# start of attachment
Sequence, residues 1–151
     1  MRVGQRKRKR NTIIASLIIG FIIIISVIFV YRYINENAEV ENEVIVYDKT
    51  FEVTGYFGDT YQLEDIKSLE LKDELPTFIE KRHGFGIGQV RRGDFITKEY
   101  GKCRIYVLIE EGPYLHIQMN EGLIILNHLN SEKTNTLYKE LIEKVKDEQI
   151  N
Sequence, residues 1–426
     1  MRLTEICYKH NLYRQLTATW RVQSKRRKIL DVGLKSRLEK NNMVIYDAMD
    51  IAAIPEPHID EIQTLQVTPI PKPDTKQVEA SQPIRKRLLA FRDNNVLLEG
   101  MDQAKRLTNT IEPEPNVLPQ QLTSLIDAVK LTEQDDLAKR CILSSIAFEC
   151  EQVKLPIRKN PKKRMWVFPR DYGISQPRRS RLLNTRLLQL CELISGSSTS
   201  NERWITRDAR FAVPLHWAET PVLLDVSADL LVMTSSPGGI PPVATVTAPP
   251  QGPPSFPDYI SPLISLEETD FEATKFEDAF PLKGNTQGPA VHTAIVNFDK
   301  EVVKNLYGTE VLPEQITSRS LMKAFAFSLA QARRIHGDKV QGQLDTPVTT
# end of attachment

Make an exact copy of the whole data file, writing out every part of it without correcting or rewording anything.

Sequence, residues 1–151
     1  MRVGQRKRKR NTIIASLIIG FIIIISVIFV YRYINENAEV ENEVIVYDKT
    51  FEVTGYFGDT YQLEDIKSLE LKDELPTFIE KRHGFGIGQV RRGDFITKEY
   101  GKCRIYVLIE EGPYLHIQMN EGLIILNHLN SEKTNTLYKE LIEKVKDEQI
   151  N
Sequence, residues 1–426
     1  MRLTEICYKH NLYRQLTATW RVQSKRRKIL DVGLKSRLEK NNMVIYDAMD
    51  IAAIPEPHID EIQTLQVTPI PKPDTKQVEA SQPIRKRLLA FRDNNVLLEG
   101  MDQAKRLTNT IEPEPNVLPQ QLTSLIDAVK LTEQDDLAKR CILSSIAFEC
   151  EQVKLPIRKN PKKRMWVFPR DYGISQPRRS RLLNTRLLQL CELISGSSTS
   201  NERWITRDAR FAVPLHWAET PVLLDVSADL LVMTSSPGGI PPVATVTAPP
   251  QGPPSFPDYI SPLISLEETD FEATKFEDAF PLKGNTQGPA VHTAIVNFDK
   301  EVVKNLYGTE VLPEQITSRS LMKAFAFSLA QARRIHGDKV QGQLDTPVTT